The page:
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Does Science Fiction Make Your Workplace A Hostile Environment For Women?

Illustration for article titled Does Science Fiction Make Your Workplace A Hostile Environment For Women?

Computer geeks: Tear down those science-fiction posters! Get rid of those Tron lightcycle toys! Your science-fiction bric-a-brac is scaring women away from IT, says a new study.


According to The Register:

[University of Washington researcher Sapna] Cheryan and her colleagues arranged multiple experiments and surveys among hundreds of non-computing-subjects students at Washington uni. Questionnaires were filled in in different rooms - one previously prepared with a science fiction poster, games kit and Coke cans; one instead with "nature" and "art" wall graphics, books and coffee cups. This stage dressing was ostensibly not part of the tests, but nonetheless it had a powerful effect on decisions by the ladies taking part.

Specifically, women filling in questionnaires in the stereotypically geeky room were significantly less likely to express interest in computer-science related studies or careers. having seen both environments, and then hypothetically offered a chance to work in an all female team in either kind of room, they still went for the non-geeky atmos.


Cheryan goes on to say that we want to attract more people to computer science, and the presence of Chewbacca action figures scared off both men and women from the discipline.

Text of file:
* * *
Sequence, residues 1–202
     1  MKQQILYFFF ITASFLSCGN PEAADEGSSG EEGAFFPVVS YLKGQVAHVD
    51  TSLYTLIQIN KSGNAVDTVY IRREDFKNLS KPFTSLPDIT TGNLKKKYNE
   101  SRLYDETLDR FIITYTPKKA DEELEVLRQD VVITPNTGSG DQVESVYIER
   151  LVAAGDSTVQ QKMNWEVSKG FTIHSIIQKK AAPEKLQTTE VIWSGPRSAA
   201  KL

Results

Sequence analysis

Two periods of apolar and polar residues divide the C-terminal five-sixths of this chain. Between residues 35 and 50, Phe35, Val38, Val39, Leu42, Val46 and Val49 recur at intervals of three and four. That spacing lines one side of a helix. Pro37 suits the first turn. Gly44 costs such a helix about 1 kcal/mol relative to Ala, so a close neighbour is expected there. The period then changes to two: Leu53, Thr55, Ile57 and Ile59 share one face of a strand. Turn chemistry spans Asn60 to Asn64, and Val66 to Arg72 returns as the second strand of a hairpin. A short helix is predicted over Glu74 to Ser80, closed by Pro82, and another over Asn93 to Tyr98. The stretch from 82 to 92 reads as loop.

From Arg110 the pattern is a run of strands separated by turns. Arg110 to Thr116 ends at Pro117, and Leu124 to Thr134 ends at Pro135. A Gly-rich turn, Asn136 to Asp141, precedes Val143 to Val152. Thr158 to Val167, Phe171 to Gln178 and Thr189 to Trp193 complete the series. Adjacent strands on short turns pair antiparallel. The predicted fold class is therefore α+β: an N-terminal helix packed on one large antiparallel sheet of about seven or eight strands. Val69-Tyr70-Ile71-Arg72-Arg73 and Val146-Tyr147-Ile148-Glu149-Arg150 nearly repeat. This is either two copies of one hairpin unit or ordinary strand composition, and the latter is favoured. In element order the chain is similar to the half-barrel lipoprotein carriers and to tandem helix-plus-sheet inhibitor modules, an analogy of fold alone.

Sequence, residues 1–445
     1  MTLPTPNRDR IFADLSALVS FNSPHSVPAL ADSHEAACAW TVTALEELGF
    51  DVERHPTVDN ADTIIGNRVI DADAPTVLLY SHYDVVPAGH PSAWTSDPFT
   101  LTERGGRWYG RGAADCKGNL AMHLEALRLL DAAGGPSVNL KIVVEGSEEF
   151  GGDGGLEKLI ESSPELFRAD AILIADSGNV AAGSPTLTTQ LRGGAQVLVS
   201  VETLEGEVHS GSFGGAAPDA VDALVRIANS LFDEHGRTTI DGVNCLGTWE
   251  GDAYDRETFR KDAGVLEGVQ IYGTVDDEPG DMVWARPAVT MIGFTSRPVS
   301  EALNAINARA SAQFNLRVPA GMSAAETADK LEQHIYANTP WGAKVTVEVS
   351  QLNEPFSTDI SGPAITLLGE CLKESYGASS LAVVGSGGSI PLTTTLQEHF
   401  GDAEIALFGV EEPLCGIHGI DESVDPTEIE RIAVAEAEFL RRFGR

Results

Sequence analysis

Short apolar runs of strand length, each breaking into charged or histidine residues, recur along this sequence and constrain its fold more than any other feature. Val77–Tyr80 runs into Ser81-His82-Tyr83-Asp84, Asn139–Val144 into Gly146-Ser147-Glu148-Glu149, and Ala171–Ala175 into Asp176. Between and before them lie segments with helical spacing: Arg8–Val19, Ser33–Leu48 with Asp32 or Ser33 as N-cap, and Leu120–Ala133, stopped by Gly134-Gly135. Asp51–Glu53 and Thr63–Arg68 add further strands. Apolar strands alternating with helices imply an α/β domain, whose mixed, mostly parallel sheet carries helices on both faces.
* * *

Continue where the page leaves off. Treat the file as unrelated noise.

What the article doesn't mention until towards the end, though, is that the people taking part in this study weren't computer-science students — they were studying other subjects. (Do you really want to attract English majors to computer science?) Add to that the loads of biases that seem to have been jammed into this study (like the idea that liking science fiction is "masculine" and science-fiction toys are automatically a boys-only thing) that it's hard to take it seriously.

It sucks, though, that companies are receiving these kinds of messages, like the idea that women only want to look at images of nature. (Maybe a nice waterfall, or a kitten with a sign saying "HANG IN THERE BABY"?) It just seems intrinsically silly — women who are interested in computer science will be, ipso facto, geeks, and that means they'll be interested in geeky stuff. So let's not rush to tear down the giant robot wall art just yet.

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As a self-proclaimed geek who also is a woman and a researcher familiar with this line of work I have a hard time understanding the all negative responses here. Science fiction is a stereotypically masculine genre, as is the field of computer science. The point of the study, if you read the actual empirical article, is not to poo-poo sci fi or cs either. It's to show that even when women are explicitly discouraged from certain fields they are faced with stereotypical stuff which reminds them they can't (and shouldn't even try) to do certain things. They're not telling you to take down your poster, they're just acknowledging that the poster is more than just a poster.

And to address the "Do you really want to attract English majors to computer science?" question, I would say why not? Particularly if the only reason they aren't there in the first place is because they've been told they wouldn't be good enough at it.